Sunday, January 3, 2016

5 Steps in Literacy Instruction

I wish everyone a happy, safe, and peaceful New Year!  I am going to start the new year off with a series of posts this month (January 2016) about Phonological Processing and Awareness skills.  Phonological awareness is explicit knowledge of the underlying sound structure of language.

While phonics is the understanding of the relationship between letters and their sounds in written language, phonemic awareness is the understanding that the sounds work together to make words.



The National Reading Panel defines phonemes as, “the smallest units constituting spoken language.”  Phonemes combine to form syllables and words.  Phonemic awareness and letter knowledge  have been shown in many studies over the years to be the best predictors of how well children will learn to read during the first two years in school.

Phonological awareness refers to awareness of and access to the sound structure of language.  Spoken words are comprised of strings or sequences of phonemes that signal different meanings.  Awareness that changes in these sequences result in changes in meaning is crucial in literacy skills development.  If a student cannot conceptualize the order of sounds and syllables in words, he cannot associate the sound units with written symbols.

Phonological processing refers to the use of phonological information - particularly the sound structure of oral language - to process written language.  Tasks of phonological processing are highly predictive of reading skills.  The three types of phonological processing that appear specifically important to learning written language skills are phonological awareness, phonological memory and rapid naming. I am going to address the first of these; phonological awareness.
{To answer that burning question and not leave you hanging:  Phonological memory refers to coding information phonologically for temporary storage in short-term (working) memory.  Deficits in phonological memory do not appear to impact either reading or listening when the words involved are already a part of the student’s vocabulary; however, they can impact the ability to learn new vocabulary, as well as ability to decode new (and long) words.}

Because I tend to work with students who have more moderate to severe disabilities, I often find myself in special education classes where the literacy program consists almost solely of learning sight words.  However, sight word instruction is very limiting.  Students cannot memorize all of the words they need or will encounter, and reliance on memory means having no strategies to deal with new and difficult words.  Inability to read more words then accounts for an ver-widening gap in reading skills.

The skills we address in phonological awareness instruction generally include identification and discrimination of initial, final, and medical sounds in words; manipulation of those sounds (changing those sounds to make new words); understanding and producing rhyme and alliteration; ability to count syllables in words; sound and syllable blending; and sound and syllable segmentation.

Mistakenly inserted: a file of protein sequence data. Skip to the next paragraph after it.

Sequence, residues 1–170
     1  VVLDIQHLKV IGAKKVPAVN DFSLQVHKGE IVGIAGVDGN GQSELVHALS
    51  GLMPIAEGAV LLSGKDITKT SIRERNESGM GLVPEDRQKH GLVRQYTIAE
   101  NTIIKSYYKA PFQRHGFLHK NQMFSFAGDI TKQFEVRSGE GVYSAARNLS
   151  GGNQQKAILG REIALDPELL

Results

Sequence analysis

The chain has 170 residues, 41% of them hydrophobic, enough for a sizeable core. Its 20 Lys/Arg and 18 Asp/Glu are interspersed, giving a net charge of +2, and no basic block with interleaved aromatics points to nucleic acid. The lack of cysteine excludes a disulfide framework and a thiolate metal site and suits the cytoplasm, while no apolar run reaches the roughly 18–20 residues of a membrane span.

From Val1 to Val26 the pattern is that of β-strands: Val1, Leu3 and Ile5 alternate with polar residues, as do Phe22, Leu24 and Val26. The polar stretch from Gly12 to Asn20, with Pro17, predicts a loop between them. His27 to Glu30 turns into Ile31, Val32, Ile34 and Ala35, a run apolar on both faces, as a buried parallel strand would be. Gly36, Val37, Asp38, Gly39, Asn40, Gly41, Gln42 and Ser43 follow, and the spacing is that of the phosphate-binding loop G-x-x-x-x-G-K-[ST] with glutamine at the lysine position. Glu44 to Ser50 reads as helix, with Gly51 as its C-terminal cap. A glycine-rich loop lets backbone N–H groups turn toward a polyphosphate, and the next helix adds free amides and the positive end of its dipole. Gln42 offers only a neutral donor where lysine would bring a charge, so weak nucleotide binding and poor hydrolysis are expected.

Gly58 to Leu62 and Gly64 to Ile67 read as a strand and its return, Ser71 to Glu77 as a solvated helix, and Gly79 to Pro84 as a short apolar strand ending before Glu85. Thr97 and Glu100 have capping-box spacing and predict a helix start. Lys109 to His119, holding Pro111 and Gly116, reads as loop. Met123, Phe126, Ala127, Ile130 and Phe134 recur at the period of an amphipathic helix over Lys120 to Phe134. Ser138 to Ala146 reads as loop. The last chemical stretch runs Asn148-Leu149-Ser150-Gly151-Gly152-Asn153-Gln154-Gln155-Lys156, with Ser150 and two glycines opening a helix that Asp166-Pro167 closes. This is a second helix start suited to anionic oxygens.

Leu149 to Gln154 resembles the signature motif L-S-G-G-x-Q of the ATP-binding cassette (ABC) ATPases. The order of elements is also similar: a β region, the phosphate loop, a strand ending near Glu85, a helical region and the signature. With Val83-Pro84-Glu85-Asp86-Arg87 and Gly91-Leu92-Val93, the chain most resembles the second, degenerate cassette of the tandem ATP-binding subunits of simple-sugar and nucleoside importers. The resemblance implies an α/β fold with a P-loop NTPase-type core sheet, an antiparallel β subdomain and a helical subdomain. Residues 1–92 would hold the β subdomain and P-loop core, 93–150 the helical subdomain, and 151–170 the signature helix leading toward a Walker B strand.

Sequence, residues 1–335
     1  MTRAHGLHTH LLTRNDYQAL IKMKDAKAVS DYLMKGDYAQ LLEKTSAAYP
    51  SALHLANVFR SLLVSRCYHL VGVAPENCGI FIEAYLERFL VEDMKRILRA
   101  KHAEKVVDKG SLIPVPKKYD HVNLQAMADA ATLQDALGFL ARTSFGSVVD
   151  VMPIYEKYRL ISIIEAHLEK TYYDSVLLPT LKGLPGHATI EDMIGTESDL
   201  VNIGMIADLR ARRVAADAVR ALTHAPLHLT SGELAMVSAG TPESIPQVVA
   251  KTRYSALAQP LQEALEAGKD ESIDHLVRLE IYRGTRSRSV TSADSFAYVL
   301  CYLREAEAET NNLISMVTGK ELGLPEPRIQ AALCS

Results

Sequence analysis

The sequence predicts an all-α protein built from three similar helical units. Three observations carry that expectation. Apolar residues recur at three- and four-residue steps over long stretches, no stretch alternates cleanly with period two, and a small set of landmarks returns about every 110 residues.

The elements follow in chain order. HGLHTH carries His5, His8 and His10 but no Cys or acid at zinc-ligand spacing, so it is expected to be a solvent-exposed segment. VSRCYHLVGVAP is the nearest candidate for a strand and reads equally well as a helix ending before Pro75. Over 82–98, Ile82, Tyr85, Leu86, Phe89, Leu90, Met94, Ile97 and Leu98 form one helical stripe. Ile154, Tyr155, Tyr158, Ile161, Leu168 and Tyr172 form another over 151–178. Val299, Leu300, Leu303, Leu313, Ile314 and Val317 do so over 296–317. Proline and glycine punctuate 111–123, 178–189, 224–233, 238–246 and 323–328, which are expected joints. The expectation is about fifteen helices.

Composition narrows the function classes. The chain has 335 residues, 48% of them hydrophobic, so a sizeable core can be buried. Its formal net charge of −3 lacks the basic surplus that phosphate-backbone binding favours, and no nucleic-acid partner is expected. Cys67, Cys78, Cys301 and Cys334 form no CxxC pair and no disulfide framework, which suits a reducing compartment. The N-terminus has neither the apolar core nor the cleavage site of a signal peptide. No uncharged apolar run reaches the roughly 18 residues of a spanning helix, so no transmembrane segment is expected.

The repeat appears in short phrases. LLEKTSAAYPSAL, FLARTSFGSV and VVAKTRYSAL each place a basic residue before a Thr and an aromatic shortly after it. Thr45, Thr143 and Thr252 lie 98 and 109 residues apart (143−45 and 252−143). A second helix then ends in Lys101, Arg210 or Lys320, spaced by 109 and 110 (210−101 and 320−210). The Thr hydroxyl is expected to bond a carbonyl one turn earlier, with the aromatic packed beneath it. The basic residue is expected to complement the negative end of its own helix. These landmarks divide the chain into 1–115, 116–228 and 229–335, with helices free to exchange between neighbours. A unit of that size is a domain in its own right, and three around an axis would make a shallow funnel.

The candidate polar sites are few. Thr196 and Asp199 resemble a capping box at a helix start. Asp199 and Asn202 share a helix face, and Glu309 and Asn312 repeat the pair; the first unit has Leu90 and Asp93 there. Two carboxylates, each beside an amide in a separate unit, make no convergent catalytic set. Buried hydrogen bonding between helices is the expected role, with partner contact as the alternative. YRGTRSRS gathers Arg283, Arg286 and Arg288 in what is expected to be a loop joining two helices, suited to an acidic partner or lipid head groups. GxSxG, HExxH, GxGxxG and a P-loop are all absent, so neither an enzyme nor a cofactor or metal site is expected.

And what, you might ask, is the SLPs role in phonological awareness?  SLPs can identify difficulties in and develop skills in language and literacy acquisition.  Our role in literacy instruction has been affirmed in the most recent legislation, and we continue to address the language-based difficulties students have with literacy instruction, beyond acquisition of vocabulary/semantic skills.

Breaking Phonological Awareness skills down into 5 components, I will address one skill per week:

  1. Rhyme - the ability to recognize and produce rhymes
  2. Word Construction - ability to blend, segment, and delete syllables in words
  3. Sound Sequencing - recognizing and identifying initial and final sounds in words
  4. Sound Separation - segmenting, blending, and deleting sounds in words
  5. Manipulation - ability to add or substitute sounds in words

The order of skills is first blending, then segmenting, then counting, and finally deleting. So, look for them in the following posts.
And tell me, what are your favorite reading foundation activities?


Until next week - keep on talking and keep on reading!






6 comments:

  1. I think this post is so useful to upper elementary teachers like me. I was unaware of the process involved in the earliest stages of reading until I was faced with a student who arrived in my fourth grade classroom as a nonreader. (Not ELL) I had to scramble to back way up in my approach and enlist the help of an amazing first grade teacher willing to coach me. This blog post is a great resource!

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  2. Retta, I'm glad you found it useful. So often we get into our niches and forget or don't see the skills needed in other areas. I'm glad you found a great collaborator. I have a kiddo in a similar situation. It's so hard for the upper elementary teachers to figure out how to go backwards - especially for just one student!

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  3. What a helpful post. There are so many things that go into the teaching of reading. Thanks so much for sharing this valuable information.

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  4. What a fantastic post! I love how you break down phonological skills.

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  5. Great post, very informative!
    Unfortunately my school district is cutting our SP/L run phonology program for 3-5 year old children. It is such and essential program for not only communication but also later reading. Thanks for spreading the word on the essential nature of these skills. ~ Thia at Print Path

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  6. Looking forward to reading this series! Thanks for taking the time to put it together!

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